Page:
Botulinum toxins — a.k.a. botox — have a variety of uses in medicine: to treat muscle overactivity in overactive bladder, to correct misalignment of the eyes in strabismus, for neck spasms in cervical dystonia, and more. Two botulinum toxins, types A and B, are FDA-approved and widely used. Although they are safe and effective, the toxins can drift away from the site of injection, reducing efficacy and causing side effects.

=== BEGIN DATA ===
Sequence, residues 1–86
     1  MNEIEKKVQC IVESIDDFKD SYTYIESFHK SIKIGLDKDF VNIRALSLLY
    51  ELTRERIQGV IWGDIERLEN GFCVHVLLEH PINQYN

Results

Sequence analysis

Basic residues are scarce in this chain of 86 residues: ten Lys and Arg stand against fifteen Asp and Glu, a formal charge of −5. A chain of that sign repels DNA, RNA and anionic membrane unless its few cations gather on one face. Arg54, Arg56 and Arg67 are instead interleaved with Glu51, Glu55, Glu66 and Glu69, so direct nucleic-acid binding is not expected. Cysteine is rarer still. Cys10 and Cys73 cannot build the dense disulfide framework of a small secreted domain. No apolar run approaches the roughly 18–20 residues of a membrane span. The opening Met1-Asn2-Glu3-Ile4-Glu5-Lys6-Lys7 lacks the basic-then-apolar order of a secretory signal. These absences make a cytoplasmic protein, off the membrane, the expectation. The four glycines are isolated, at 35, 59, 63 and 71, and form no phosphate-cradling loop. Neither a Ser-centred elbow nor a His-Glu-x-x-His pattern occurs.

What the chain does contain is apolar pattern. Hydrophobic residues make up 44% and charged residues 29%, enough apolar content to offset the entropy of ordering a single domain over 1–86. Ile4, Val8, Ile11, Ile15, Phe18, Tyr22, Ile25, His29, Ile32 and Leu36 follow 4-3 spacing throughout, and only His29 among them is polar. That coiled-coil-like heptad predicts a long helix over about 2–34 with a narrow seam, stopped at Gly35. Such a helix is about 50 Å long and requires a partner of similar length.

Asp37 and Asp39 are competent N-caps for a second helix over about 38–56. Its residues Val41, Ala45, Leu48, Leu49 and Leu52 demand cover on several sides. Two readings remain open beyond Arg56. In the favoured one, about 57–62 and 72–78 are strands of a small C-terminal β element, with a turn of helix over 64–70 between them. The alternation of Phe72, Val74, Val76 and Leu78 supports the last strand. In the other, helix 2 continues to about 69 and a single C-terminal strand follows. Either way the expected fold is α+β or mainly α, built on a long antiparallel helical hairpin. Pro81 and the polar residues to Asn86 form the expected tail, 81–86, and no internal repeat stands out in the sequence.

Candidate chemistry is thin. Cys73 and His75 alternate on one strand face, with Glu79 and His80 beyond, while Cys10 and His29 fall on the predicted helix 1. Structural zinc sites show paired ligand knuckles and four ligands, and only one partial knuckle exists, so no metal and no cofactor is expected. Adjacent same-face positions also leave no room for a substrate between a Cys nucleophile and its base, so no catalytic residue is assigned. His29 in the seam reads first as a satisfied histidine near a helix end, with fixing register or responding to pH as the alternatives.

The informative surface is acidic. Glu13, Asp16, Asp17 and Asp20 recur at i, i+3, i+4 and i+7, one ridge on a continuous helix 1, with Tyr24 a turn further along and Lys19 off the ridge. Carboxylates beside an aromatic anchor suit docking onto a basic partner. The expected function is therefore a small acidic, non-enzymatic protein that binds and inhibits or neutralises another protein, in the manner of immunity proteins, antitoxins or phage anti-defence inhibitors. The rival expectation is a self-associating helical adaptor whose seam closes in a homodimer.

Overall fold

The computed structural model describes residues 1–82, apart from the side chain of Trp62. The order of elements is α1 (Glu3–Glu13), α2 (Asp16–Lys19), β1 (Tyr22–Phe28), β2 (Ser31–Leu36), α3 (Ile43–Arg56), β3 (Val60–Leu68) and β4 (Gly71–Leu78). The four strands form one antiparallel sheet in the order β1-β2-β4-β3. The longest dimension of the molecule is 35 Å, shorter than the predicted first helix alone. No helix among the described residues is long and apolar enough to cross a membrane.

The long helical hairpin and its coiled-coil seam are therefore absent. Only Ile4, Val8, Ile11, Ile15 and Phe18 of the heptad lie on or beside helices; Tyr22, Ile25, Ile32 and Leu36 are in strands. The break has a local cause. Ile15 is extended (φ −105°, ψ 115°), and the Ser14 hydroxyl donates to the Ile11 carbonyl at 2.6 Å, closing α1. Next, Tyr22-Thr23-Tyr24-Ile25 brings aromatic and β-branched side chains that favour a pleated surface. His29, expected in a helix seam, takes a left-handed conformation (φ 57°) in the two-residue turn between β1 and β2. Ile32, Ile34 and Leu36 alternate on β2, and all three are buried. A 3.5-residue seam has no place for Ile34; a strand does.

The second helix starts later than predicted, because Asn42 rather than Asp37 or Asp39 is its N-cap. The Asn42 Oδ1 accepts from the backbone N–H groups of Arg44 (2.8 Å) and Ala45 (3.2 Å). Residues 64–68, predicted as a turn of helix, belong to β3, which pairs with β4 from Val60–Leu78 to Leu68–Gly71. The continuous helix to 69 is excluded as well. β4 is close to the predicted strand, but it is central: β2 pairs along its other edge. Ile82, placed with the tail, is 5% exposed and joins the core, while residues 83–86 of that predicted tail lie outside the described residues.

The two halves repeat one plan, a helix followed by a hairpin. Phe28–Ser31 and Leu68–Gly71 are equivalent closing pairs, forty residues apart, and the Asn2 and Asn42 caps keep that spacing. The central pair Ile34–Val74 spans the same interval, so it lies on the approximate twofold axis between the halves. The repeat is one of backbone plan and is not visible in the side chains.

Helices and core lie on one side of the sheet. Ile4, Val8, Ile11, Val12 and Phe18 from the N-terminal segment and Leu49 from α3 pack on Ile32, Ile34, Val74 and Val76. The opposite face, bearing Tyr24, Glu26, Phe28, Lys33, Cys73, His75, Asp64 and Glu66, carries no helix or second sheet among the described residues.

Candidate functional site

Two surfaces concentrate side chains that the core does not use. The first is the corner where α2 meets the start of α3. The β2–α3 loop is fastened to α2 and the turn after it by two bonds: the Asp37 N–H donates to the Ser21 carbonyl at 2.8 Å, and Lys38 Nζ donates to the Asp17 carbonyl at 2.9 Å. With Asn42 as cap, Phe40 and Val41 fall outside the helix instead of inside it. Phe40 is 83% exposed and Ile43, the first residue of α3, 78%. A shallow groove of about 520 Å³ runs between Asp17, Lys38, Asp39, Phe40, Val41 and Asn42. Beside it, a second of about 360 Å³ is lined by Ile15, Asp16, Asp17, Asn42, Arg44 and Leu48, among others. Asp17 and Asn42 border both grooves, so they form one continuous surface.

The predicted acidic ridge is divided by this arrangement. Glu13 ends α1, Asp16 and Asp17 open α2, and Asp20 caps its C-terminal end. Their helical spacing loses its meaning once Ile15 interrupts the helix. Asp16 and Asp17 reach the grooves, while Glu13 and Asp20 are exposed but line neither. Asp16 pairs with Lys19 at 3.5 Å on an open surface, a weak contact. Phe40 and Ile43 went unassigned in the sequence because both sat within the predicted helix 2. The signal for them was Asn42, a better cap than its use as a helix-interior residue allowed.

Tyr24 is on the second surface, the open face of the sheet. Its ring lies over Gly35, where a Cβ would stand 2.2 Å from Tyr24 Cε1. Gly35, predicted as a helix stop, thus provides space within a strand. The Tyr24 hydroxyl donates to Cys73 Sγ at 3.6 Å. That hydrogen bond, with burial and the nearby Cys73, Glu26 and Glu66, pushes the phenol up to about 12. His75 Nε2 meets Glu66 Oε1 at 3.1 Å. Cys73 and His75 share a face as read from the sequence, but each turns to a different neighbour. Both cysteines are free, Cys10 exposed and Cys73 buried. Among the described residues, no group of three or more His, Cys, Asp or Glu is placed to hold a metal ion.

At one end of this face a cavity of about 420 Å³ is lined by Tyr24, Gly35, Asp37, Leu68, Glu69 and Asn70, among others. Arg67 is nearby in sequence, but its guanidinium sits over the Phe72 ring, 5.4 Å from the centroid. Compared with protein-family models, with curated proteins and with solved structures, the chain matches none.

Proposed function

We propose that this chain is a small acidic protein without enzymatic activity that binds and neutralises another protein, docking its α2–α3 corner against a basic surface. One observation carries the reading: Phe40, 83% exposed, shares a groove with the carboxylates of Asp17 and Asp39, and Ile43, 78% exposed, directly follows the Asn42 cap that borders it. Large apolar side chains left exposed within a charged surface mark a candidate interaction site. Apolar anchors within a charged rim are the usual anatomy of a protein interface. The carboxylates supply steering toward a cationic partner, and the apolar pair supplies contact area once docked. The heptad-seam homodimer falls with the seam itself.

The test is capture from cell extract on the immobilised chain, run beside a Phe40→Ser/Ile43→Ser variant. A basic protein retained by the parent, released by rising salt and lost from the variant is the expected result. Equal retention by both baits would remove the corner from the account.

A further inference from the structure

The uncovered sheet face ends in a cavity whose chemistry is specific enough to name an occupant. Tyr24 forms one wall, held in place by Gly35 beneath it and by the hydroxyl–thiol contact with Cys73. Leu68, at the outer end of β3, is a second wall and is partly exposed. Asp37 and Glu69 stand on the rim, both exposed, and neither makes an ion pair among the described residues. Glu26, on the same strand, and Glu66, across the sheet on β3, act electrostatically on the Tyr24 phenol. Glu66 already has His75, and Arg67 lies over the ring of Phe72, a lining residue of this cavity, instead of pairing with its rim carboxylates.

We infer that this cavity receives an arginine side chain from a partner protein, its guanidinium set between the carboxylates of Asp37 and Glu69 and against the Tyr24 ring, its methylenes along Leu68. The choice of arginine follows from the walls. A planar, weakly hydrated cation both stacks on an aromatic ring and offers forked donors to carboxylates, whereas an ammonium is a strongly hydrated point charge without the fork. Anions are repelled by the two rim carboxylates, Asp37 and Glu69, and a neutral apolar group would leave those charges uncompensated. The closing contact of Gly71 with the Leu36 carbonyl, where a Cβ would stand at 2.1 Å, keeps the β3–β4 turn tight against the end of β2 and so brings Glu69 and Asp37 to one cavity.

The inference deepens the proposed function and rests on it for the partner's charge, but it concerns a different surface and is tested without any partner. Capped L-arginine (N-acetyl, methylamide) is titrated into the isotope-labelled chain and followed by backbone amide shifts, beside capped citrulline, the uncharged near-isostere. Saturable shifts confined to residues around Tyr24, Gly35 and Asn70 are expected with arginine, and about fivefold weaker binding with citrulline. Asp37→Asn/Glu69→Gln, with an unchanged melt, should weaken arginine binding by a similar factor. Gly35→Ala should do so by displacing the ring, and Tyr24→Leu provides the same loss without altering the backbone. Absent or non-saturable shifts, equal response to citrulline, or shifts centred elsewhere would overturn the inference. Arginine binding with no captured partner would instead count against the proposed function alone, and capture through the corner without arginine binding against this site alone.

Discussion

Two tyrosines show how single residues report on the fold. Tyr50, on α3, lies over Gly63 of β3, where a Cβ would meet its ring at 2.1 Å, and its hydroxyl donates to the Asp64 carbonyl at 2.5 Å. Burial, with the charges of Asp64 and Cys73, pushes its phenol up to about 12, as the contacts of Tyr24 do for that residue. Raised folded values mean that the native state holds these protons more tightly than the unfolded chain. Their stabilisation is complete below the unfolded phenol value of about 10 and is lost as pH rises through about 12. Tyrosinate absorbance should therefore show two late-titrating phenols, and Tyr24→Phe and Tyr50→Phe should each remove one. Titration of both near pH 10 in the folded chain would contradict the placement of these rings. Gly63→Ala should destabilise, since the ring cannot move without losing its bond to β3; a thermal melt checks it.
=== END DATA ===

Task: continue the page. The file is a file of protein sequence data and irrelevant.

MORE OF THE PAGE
New research at Boston Children’s Hospital finds that some small engineering tweaks to botox B could make it more effective and longer-lasting with fewer side effects. The findings were reported recently in PLOS Biology.